Many brands of margarine do contain dairy in some form, so be sure to carefully check the ingredients. Many brands also contain hydrogenated oils. See the product options below for some non-hydrogenated, dairy-free options.
Shortening works well as a butter substitute in cookies, bars, frosting, and pie crusts. You can often substitute it one-to-one for butter. But for some recipes, you might opt to use ¾ cup for every 1 cup of butter. Also, some people don’t like the taste of shortening-based frostings. You can use a 50/50 blend of shortening and dairy-free margarine for more of a buttery flavor that still holds up well for piping.
Most mainstream brands of shortening are made with hydrogenated oils. If you prefer non-hydrogenated, then look for a sustainable palm oil brand, like Spectrum Organic or Nutiva Organic.
Fruit Purees for Baking
Blend up that apple pulp or a handful of prunes and you have an excellent, healthy way to substitute butter when baking sweets and quick bread. In fact, pureed bananas, pineapple, and pears also give an excellent “fat” consistency to recipes with an added jolt of health and flavor.
Because the fruit will add more sweetness than butter, reduce the sugar in your recipes a touch. Think of the flavor of your recipe to judge which fruit flavor will work best. For example, prune puree works particularly well in chocolate desserts, such as brownies; and pineapple can add a tropical flair to most quick bread.
Coconut oil is a popular butter substitute, especially for vegans. It’s healthy, readily available, and yields delicious results. When the recipe calls for butter, substitute an equal amount of coconut oil in its place.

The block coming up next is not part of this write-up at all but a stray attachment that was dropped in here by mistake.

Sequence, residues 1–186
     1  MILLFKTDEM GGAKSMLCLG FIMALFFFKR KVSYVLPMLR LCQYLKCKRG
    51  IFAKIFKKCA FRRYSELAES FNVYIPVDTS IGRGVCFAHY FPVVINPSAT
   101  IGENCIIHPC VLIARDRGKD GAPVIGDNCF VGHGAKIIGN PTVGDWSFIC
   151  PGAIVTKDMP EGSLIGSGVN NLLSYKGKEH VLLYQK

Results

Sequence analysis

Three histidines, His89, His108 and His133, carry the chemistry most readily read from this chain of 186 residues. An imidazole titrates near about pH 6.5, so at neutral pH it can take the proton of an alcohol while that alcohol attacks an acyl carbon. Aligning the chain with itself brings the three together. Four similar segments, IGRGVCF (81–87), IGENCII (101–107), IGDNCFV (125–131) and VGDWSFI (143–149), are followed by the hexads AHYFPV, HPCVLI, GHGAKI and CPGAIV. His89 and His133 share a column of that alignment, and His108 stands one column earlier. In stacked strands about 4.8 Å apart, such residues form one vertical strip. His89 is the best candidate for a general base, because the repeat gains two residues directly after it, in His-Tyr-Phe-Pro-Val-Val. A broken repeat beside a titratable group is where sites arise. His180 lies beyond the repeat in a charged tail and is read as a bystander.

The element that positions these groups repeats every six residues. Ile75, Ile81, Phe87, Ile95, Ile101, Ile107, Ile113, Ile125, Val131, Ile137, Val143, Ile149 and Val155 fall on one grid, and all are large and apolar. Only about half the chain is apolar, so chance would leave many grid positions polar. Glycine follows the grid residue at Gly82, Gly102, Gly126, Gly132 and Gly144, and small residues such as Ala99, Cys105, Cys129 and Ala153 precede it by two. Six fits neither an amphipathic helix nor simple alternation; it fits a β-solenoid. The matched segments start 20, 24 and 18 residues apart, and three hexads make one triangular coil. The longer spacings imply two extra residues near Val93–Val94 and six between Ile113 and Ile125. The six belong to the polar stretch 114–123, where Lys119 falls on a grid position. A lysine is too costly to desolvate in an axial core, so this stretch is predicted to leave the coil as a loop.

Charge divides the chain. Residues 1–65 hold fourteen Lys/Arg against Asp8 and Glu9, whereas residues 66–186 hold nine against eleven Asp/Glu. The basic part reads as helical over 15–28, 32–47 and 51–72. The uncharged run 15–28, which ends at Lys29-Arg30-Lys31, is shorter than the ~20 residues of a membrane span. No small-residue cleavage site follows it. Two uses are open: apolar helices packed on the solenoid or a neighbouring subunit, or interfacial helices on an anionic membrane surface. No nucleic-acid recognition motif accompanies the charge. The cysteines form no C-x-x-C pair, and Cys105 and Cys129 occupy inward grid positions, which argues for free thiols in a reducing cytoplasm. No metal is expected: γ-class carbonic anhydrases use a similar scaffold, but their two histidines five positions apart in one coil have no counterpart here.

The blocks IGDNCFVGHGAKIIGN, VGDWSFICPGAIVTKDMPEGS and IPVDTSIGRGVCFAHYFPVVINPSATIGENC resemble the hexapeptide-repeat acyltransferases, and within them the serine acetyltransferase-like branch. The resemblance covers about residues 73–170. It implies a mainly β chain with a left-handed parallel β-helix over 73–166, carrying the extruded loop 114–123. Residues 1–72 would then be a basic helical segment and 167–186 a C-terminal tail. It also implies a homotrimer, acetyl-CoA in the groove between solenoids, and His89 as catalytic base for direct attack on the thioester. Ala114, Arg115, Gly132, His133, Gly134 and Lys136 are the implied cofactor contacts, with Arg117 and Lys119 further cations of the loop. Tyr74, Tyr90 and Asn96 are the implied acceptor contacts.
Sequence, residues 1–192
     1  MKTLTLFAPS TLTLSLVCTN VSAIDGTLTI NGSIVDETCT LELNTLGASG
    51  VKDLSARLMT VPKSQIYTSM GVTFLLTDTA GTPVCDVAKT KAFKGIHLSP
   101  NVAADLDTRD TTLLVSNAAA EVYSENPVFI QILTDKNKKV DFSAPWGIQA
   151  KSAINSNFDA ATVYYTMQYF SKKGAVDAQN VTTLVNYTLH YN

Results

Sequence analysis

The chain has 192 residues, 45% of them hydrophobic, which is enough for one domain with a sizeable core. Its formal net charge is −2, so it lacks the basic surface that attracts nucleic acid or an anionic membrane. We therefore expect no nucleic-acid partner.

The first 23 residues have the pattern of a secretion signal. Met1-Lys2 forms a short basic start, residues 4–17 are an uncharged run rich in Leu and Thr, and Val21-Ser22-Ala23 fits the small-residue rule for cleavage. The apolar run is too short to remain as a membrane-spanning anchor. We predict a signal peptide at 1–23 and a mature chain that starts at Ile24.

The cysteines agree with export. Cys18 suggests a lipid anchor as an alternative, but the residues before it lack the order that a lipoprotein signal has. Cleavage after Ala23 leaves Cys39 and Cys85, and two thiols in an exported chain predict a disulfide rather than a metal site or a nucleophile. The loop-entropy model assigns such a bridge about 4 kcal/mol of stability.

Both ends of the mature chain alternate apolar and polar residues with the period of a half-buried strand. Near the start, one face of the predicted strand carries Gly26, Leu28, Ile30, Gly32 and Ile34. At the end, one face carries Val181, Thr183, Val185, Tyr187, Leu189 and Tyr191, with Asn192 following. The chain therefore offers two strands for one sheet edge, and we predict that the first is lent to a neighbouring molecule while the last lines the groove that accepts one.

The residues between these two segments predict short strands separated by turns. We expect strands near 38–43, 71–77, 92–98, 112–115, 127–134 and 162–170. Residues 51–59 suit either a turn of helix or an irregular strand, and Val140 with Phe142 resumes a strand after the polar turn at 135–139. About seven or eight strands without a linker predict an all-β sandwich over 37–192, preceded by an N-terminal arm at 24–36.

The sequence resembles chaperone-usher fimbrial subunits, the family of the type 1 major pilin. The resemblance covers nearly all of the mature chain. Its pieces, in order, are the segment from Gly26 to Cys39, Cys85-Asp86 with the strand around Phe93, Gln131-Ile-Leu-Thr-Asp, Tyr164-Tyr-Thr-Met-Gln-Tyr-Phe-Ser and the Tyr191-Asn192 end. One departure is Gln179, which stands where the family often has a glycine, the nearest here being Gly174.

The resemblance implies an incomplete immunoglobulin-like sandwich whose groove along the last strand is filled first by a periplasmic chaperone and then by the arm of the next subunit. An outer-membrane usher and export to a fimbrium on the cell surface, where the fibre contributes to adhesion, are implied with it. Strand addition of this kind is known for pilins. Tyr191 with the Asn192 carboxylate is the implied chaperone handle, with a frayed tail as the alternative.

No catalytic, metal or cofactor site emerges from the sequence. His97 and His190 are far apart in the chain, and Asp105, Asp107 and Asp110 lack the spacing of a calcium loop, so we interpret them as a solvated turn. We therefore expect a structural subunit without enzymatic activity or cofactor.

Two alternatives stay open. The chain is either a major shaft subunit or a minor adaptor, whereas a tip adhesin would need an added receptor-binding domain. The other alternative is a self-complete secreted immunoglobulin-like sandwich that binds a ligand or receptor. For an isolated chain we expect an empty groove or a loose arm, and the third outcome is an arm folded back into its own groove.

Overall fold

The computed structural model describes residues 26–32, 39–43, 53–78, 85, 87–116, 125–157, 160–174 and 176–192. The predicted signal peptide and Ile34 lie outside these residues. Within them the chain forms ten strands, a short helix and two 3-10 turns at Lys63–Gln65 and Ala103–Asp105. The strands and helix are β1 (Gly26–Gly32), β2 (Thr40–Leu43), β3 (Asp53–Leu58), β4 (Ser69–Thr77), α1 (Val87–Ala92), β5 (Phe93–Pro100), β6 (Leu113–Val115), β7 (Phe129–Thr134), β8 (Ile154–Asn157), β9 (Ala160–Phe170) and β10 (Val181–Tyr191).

Coconut oil can be a little tricky to work with — while it is firm when slightly cool, it liquefies when warmed. Make sure the oil is the correct consistency needed for your recipe. If you’re making cake frosting, such as vegan buttercream with coconut oil, the oil should be firm.
Vegetable shortening is a vegetable-based oil that’s been hydrogenated into a solid form.
Use as a one-to-one replacement for butter. Vegetable shortening is often used as a butter substitute because the texture works well in virtually all of the situations you’d use butter — when creaming ingredients for cake and cookies, when making buttercream or when making pie pastry.
While vegetable shortening will impart a similar texture to butter, it won’t contribute much flavor — it’s virtually odorless and flavorless.
Lard is an animal-based fat, so this option isn’t viable for vegans. With a texture similar to vegetable shortening, lard can be used in equal amounts to substitute butter. Use it in batters, doughs, pie pastries, and cake frostings.